Naming the team was the easy part. The real dilemma came after.
In the beginning of 1967, six local investors (including business people, an attorney and a sports reporter) schemed to bring professional basketball to Indianapolis. It wouldn’t be the first time a pro team resided in the Circle City — the Indianapolis Jets and Olympians had already come and gone. But the newly created American Basketball Association promised to be a worthy alternative to the still-fledgling NBA, and Hoosier powerbrokers looked to make the latest iteration of pro ball stick.
The team was quickly christened the Pacers, a name that honored harness racing while invoking the Indy 500. The tougher task came in deciding who the team would represent. Would they be the Indianapolis Pacers, or the Indiana Pacers?
You already know how that one worked out, and, in retrospect, it was the obvious decision. Basketball is Indiana’s game, played by Hoosiers from South Bend to Evansville, from Terre Haute to Richmond. The Pacers have resonated with fans in a way seldom experienced by other franchises. When the team faced economic ruin in 1977 shortly after joining the NBA, then-coach Bobby “Slick” Leonard and wife/general manager Nancy initiated a telethon wherein fans raised the $2 million needed to keep the team afloat and remain in Indy. You think Miami Heat fans would do the same?
But the Pacers have endeared themselves for more reasons than simply being a basketball team in basketball country. The team ranks among the most storied franchises in professional hoops. In 49 years, Indy has won three championships, made 32 postseason appearances and sent four representatives to the Hall of Fame.
This season will be Indiana’s 50th, and we commemorate the team’s history with this countdown of the 50 Greatest Pacers. Here, we look back on the good, the bad and the many dramatic moments brought to us by the state’s greatest pastime.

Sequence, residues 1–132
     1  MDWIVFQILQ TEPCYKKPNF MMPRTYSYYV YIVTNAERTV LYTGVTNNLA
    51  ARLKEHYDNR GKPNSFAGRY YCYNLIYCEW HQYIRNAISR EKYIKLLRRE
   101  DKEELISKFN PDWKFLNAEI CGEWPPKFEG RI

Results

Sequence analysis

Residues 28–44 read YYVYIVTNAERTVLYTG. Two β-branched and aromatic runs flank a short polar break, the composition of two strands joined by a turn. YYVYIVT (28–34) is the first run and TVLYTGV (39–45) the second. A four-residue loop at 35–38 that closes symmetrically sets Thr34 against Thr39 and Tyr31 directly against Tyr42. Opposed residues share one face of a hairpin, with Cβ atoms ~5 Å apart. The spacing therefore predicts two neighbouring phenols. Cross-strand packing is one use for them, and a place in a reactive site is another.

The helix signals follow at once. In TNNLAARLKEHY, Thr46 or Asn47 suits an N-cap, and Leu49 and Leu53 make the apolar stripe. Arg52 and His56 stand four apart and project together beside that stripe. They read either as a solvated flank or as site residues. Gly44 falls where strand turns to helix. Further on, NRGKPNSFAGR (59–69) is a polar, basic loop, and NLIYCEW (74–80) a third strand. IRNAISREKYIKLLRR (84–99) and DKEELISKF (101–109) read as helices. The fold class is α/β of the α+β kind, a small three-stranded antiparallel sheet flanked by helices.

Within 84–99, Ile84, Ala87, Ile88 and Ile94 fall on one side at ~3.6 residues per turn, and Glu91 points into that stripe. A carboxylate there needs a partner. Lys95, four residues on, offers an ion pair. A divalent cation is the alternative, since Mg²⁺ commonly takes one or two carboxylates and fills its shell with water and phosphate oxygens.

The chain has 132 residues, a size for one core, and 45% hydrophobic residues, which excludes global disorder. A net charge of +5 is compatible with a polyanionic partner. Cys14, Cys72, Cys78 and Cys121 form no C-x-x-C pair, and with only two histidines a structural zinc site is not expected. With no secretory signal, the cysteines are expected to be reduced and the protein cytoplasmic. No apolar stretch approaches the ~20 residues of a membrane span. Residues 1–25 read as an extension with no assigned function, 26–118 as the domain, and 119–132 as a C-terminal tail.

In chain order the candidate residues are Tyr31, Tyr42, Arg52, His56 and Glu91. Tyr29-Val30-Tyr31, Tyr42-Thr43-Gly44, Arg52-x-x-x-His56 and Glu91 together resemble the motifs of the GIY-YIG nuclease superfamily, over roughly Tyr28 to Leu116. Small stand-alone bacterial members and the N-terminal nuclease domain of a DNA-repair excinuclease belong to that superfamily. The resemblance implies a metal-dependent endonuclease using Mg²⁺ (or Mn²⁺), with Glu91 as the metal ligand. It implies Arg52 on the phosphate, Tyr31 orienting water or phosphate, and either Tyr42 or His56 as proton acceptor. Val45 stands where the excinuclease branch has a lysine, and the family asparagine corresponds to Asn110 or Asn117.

Sports reporters and personalities from around the city were solicited to submit ballots, of which we received 16. Voters ranked their 30 greatest Pacers, and we assembled the ballots into this final list. First place votes received 30 points, 30th place votes received one point. Ties were decided by the average ranking across all ballots.
David Benner (Pacers Director of Media Relations), Andrew Crowley (NUVO Contributor), Chris Denari (Pacers TV Play-By-Play Announcer), Roy Hobbson (NUVO Contributor), Wheat Hotchkiss (Pacers Web Manager), Jeremiah Johnson (Pacers Sideline Reporter), Jon R. LaFollette (NUVO Contributor), Mark Montieth (Pacers.com Reporter), Larra Overton (Sports Reporter, FOX 59), Greg Rapaport (Pacers Web Coordinator), David Searle (Co-Host, Miller Time Podcast), Jason Spells (Sports Reporter, WTHR), Kent Sterling (Radio Host, 1430 AM), Jon Washburn (Staff Writer, 8points9seconds.com), Brian Weiss (Social Media Manager, NUVO), Ed Wenck (Content Marketing, CEDIA).
No. 50 — Brad Miller (2001-2003)
POS: C PPG: 13.7 RPG: 8.1 AST: 2.4 FG%: 51.4
Miller played only 101 games for the Pacers, but the 7-foot Purdue alum made the most of his short stint. He displayed offensive versatility that transcended his position as a center, and became one of the few undrafted players to make the All-Star game (2003). Not bad for the second best Miller in team history.
CALL OF THE WILD: Miller retired in 2012 and began hosting his own hunting show, Country Boys Outdoors, which airs on the Sportsman Channel.
No. 49 — Troy Murphy (2006-2010)
POS: PF PPG: 13.3 RPG: 9.2 FG% 46.7 3P%: 41.3
It’s easy to forget Murphy, who played on a series of rebuilding Pacers teams that never made the postseason. But Murphy’s skill set as a three-point shooting big man was a precursor to today’s play-making power forward — a role team president Larry Bird unsuccessfully hoped Paul George would fill a season ago.